Men don’t sit around talking about our feelings. You never hear men say, “Jim, how’s your heart today? You look like you need a hug.” Men don’t go to the bathroom in herds just to talk. We just don’t know why or how.

Understanding that, sometimes it can lead to conflict in marriages as women try to communicate their way and men just don’t get it. We need some advice from time to time and some coaching on how to effectively communicate to our wives that we love them and cherish them.

Doug Flanders shares on his blog here 25 great ways to communicate love to your wife. Below is his list.

  1. Listen
    To be truly heard is the longing of every human heart, and your wife is no exception. It sounds simple, but listening can be harder than it seems with so many distractions around us and within us. Set aside some time every day to look into your wife’s eyes and really listen to what she has to say. You may be surprised at what you hear. (James 1:19, Matthew 11:15)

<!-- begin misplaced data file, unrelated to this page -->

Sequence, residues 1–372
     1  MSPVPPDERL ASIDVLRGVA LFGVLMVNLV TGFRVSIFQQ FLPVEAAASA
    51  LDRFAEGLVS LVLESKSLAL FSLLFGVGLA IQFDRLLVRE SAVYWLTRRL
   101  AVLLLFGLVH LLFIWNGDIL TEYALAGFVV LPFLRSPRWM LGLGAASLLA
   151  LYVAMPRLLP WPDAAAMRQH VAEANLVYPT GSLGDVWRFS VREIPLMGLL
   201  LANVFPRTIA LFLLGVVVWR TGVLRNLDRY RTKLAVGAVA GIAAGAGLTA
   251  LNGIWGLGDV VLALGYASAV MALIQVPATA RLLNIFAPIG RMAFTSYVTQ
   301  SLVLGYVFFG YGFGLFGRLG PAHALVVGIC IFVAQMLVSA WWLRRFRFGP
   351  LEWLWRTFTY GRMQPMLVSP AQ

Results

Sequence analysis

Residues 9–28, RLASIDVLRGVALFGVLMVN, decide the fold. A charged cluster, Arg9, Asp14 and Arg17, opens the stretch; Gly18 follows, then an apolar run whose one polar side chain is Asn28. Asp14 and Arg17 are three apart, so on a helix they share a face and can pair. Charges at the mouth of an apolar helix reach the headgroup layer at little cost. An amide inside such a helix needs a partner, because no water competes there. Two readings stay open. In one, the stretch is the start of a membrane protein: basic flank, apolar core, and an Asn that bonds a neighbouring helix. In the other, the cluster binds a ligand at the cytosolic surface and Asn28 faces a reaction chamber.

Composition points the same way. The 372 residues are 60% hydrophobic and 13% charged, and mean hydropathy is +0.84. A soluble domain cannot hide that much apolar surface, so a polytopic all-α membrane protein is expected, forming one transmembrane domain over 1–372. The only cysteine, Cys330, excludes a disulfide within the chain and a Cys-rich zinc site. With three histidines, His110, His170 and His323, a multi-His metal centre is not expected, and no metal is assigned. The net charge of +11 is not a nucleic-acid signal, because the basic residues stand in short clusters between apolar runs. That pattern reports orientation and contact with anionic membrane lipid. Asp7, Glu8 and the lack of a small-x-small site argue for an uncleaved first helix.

2. Communicate
    Don’t make her guess what you are thinking or feeling.
  3. Sing Her Praises
    Shamelessly brag about her good qualities and quietly pray about her bad ones. Her reputation is your reputation. (Proverbs 31:28-29)
  4. Pray For Her and With Her
    Praying on your wife’s behalf not only enlists the help of the Almighty, but also puts her and her needs at the forefront of your heart and mind, right where they belong. Praying alongside your wife will strengthen your relationship like nothing else. Studies show that couples who regularly pray together stay together, enjoying a 1% divorce rate compared to the usual rate of 50% or more. (Philippians 4:6; Matthew 18:19)
  5. Value Her Individuality
    Your wife is wonderfully unique. Don’t compare her to your mom, or your ex-wife, or your old girlfriend. Your mom may make the best chocolate chip cookies in the world, but unfavorable comparisons won’t win you brownie points.